Evaluate your process: Throughout the collaboration make time to assess what is working and what is not working. Are the meetings productive? Are there too many of them? This allows you to make appropriate changes when needed.

What not to do:

Act contrary to the above tips or ignore them altogether.

How have you collaborated with another organization?

Monday, October 6, 2014

The Sweat, Character and Hard Thinking Behind Success

By Steven M. Worth, President at Plexus Consulting Group, LLC

“There is a tide in the affairs of men. Which, taken at the flood, leads on to fortune…” as Shakespeare noted nearly four hundred years ago; and this has been a popular theme throughout the ages in both popular fiction as well as, in recent years, business management books. In his book Outliers, Malcolm Gladwell points out the interesting statistics behind most outstanding success stories. His thesis is so compelling that one might be tempted to conclude that “success” is an odds game—the result of being in the right place at the right time and putting in the right amount of prep time—much like the Peter Seller’s movie “Being There” or the Tom Hanks movie ‘Forrest Gump” in which the leading characters of both movies achieve astounding success in life due to well-placed values and being in the right place at the right time. Cinderella-tales are comforting. We see justice rendered in otherwise hopeless situations—the way we rejoice in the news of jackpot lottery winners, imagining that with luck this might one day be us…

We see less of this magic in our work as management consultants. What we see more often is the truism that successful people and organizations are those who do what the less successful don’t do. By this I mean they do market research, they develop strategic partnerships with outside groups and organizations, they take calculated risks and encourage innovative thinking, they retire programs and organizational structures that have outlived their usefulness, and they focus their resources with laser-like intensity on those programs and projects that are designed to meet current and future market needs. We also see the hard work, the agony of failure along with the courage to get up and go at it again, and the humility in knowing that no one can do it all or know it all and that success comes in working in harness with others who share your vision.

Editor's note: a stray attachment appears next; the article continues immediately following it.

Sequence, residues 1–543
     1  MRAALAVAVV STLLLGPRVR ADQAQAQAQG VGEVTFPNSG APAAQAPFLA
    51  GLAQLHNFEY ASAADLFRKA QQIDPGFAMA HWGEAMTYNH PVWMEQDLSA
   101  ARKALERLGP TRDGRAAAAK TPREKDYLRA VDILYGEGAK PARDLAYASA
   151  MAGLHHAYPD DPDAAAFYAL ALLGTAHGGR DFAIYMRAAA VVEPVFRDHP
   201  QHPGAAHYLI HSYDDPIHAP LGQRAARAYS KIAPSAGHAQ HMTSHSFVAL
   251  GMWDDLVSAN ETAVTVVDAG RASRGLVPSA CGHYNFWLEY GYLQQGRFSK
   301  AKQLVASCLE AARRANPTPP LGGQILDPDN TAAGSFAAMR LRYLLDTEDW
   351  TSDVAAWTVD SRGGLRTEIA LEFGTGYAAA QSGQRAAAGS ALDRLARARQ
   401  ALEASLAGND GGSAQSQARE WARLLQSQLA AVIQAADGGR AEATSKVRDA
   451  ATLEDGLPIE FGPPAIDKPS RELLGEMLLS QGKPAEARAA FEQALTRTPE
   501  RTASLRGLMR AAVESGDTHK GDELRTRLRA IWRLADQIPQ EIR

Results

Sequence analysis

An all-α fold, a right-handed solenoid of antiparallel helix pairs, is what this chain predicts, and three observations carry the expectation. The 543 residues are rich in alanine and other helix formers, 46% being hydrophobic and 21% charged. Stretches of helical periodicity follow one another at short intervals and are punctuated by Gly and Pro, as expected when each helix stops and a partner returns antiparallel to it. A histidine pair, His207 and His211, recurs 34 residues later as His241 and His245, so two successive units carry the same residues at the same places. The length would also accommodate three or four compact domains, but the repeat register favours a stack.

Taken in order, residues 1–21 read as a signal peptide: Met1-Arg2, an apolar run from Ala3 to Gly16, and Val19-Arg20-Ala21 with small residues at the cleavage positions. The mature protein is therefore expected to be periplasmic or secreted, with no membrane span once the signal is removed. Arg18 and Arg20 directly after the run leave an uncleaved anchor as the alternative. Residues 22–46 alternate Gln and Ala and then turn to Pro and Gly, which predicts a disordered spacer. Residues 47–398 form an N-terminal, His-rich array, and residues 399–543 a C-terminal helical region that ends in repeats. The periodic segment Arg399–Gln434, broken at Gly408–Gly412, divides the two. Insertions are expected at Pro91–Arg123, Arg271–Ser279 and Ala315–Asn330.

What we sometimes fail to see behind the news coverage and trappings of success are what Winston Churchill in another time called the “blood, toil, sweat and tears” of success. This is unfortunate, because so many are ready to throw in the towel at the first sign of an obstacle. The late psychiatrist and best-selling author Scott Peck noted in his book The Road Less Travelled that the majority of his patients were people who felt they were failures, or who built their lives around avoiding failure without realizing how much easier it would be if they just recognized that difficulty and uncertainty are not signs of failure but rather normal and expected challenges on the path of success.

Strategic planning consists in part of recognizing which aspects of your environment you control and which represent external trends over which you have no control but which can present opportunities or threats that you should take into account in your planning processes. As can be seen in our firm’s recent management survey (to be discussed in our two leadership training sessions that we will be offering through CESSE this year), increasing numbers of managers are using strategic planning as a tool for planning their organization’s success—a tool that is only useful if it is fact-based and backed by a business plan that focuses resources and sets long term and short term measurable goals. It works, but it does require work and risk and letting go of preconceived notions. This is the furious peddling that goes on under the graceful swan’s seemingly effortless glide through the water.